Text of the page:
Visiting Mars Bloch

Charlotte Morgan

For the last three years, Marietta (Mars) Bloch, B.Sc. (Hon), B.Ed., has co-ordinated the Toronto District School Board's science and technology programs, from grade 1 through secondary school. She is also president of the Science Teachers' Association of Ontario (STAO), a voluntary, elected position that keeps her busy after work hours and on the weekends.

"As a child, I was always interested in trying to understand how the world works,'' says Mars. "That led to taking science courses throughout high school and physics courses at university. And my nickname, Mars, which started in high school, comes from my fascination and interest with astronomy."

In 1976, while still a student in the Faculty of Education at Queen's, Mars taught her first practicum - a grade 5 unit on astronomy. It was a light bulb moment! Teaching is creative work, she realized, that involves the practitioner in life-long learning. "Twentyseven years later, I am still excited to find out more about teaching and learning," she says.

Mars has taught in all three elementary divisions and spent three years seconded to York University's Assessment of Science and Technology Achievement Project (ASAP). This project looked at assessing students' learning in science and technology. By the time the Ministry of Education was ready to write its new science and technology curriculum, the work of ASAP, through the involvement of its partner boards and their teachers, was used in the development of the Ministry curriculum.

"This curriculum has a solid foundation," she says, pointing to the three goals listed on page 4. These provide a framework for the expectations. The goals are

  • to understand the basic concepts of science and technology;
  • to develop the skills, strategies, and habits of mind required for scientific inquiry and technological design; and
  • to relate scientific and technological knowledge to each other and to the world outside the school.

"Science and Technology are two disciplines in one document, with technology being the least well understood. Technology in this document is about design, problem solving and understanding the 'built' environment we have created as humans. It is not about teaching information technology," says Mars.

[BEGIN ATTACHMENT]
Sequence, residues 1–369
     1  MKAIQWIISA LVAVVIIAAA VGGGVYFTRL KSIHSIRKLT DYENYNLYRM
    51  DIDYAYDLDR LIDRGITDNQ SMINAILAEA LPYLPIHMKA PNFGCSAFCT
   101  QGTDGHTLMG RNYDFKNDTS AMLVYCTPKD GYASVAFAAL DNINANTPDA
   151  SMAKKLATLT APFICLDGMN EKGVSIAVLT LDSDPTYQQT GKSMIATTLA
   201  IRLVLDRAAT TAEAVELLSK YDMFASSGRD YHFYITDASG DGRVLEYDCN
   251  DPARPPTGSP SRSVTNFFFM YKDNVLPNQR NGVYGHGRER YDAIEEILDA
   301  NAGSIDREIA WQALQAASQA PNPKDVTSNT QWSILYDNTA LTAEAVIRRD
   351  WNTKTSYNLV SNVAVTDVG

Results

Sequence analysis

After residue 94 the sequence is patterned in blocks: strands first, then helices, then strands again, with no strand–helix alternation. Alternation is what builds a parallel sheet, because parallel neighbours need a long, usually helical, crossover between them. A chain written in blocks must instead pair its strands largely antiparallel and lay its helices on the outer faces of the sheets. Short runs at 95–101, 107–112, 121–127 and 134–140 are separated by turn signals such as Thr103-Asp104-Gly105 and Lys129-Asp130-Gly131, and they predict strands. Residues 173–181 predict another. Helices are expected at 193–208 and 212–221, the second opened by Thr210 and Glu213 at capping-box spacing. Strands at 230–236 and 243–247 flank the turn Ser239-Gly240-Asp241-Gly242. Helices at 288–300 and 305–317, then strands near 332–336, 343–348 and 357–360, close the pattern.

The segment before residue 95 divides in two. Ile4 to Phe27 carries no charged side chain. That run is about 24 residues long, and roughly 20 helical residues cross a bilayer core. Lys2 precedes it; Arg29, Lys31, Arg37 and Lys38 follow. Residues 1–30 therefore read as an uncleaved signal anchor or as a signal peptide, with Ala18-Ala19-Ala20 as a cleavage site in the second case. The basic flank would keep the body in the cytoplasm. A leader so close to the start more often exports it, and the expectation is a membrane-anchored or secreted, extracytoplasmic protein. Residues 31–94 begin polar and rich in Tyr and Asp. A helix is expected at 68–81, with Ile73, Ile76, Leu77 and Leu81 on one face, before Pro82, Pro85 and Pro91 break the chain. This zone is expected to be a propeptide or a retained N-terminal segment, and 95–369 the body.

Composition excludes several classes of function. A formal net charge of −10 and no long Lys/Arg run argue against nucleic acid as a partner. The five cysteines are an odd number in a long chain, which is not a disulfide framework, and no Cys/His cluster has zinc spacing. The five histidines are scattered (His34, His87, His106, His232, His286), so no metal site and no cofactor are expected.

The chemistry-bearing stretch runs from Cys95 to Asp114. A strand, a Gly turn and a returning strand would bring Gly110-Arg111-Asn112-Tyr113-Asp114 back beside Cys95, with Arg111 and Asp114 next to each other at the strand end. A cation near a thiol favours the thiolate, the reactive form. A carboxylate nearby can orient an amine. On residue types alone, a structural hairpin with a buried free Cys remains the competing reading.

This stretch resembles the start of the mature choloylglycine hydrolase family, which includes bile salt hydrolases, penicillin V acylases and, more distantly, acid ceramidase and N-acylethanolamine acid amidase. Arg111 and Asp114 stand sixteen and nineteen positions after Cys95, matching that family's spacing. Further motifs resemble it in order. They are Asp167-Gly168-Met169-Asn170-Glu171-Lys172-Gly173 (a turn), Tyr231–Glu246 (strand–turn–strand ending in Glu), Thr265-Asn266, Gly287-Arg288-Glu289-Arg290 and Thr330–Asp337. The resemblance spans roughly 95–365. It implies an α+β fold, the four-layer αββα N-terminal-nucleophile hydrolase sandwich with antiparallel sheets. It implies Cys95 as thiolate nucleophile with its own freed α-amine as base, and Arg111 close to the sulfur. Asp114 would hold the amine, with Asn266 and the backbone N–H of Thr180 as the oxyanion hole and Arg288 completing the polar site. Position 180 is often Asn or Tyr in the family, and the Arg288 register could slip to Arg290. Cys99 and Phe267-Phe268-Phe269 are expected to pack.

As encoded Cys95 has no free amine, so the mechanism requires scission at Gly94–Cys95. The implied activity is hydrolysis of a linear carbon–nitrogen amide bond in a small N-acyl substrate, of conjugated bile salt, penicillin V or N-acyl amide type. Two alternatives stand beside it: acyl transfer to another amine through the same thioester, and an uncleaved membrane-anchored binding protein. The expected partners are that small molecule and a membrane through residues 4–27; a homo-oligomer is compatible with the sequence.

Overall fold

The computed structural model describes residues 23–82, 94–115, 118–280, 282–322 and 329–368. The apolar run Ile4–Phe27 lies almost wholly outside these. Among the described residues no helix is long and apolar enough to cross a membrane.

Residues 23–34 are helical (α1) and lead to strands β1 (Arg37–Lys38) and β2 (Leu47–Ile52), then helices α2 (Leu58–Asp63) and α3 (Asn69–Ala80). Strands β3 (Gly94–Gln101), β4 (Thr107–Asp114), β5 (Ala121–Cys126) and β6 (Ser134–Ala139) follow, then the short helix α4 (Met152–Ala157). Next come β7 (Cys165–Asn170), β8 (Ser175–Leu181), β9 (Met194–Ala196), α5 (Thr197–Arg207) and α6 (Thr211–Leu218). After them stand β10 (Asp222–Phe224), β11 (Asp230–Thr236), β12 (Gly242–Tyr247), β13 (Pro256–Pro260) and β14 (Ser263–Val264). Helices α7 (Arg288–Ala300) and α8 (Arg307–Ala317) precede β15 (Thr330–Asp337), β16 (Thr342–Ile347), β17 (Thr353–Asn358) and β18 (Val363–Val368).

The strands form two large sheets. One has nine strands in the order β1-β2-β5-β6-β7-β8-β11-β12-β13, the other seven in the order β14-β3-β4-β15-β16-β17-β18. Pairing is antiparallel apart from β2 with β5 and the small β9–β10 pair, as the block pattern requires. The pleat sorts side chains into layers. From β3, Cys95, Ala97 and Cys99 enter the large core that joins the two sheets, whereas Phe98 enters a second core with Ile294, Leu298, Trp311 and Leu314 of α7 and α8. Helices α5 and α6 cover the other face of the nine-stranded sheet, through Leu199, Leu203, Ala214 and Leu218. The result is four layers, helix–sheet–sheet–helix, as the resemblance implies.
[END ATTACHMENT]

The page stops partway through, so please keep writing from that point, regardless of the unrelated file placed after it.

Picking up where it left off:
"The 'strands' should be used as organizing tools, not as a prescription on how to deliver the curriculum. Instruction should encourage understanding through knowing, doing, and relating," says Mars. "Unfortunately, elementary teachers are integrating less because the curriculum documents have been presented as isolated, stand-alone documents. It's a huge challenge to have the time to find the links and commonalities that exist between the various disciplines.

"One wish that i would like to have is to be able to scrap Table 1 of Strands and Topics: Science and Technology, Grades 1-8, on page 8. This table makes the 40 suggested topics even more discrete and stifles integration. It is the goals that are important, not the topic titles," she stresses.

Mars is a long time member of STAO. Founded in 1890, the organization's has a membership of 2100, which includes teachers at all levels, from kindergarten through university. Over the years, STAO continues to change and grow to meet the needs of its members.

Currently, through its fledgling 'Science Works' branch, the organization is offering hands-on science and technology activity workshops for grade 7 and 8 teachers across Ontario, a program it hopes to extend to other elementary grades. Workshops are also available for secondary teachers. As well, STAO also offers a variety of print resources, including an elementary safety document called Be Safe! The STAO journal Crucible is issued five times a year and has a specific section for elementary teachers called Elements that provides relevant classroom activities. STAO also runs a highly successful conference every November. Yearly membership in STAO costs $53.50 including GST.

STAO is an organization for all teachers who have an interest in science and technology. There are many opportunities to be actively involved, ranging from committee work to serving on the executive. STAO's Elementary Curriculum Committee, for example, is a vibrant, active group that hosts its own booth at the STAO conference, and ensures the elementary voice is heard. Visit STAO's website at www.stao.org.

"STAO’s mission statement is to encourage excellence in science and technology education through leadership and service", says Mars.

Mars Bloch personifies this. Clearly, she continues to have a strong and positive influence on the development of Ontario's science and technology programs. Her efforts have been recognized both by her colleagues and by outside organizations. In 1988, while still a classroom teacher, Mars was awarded the Marshall McLuhan Distinguished Teacher Award. In 1998, she received STAO’s prestigious Jack Beil Award for Leadership in Science Education. Still proud of her eiementary roots, Mars hopes to encourage the same enthusiasm for science and technology that continues to motivate her.

"It’s a long way from that first practicum to my position at the TDSB. Yet science and technology still fascinate me and I try to share that fascination with others in every way I can," she says.

Charlotte Morganis the editor of the ETFO Voice.


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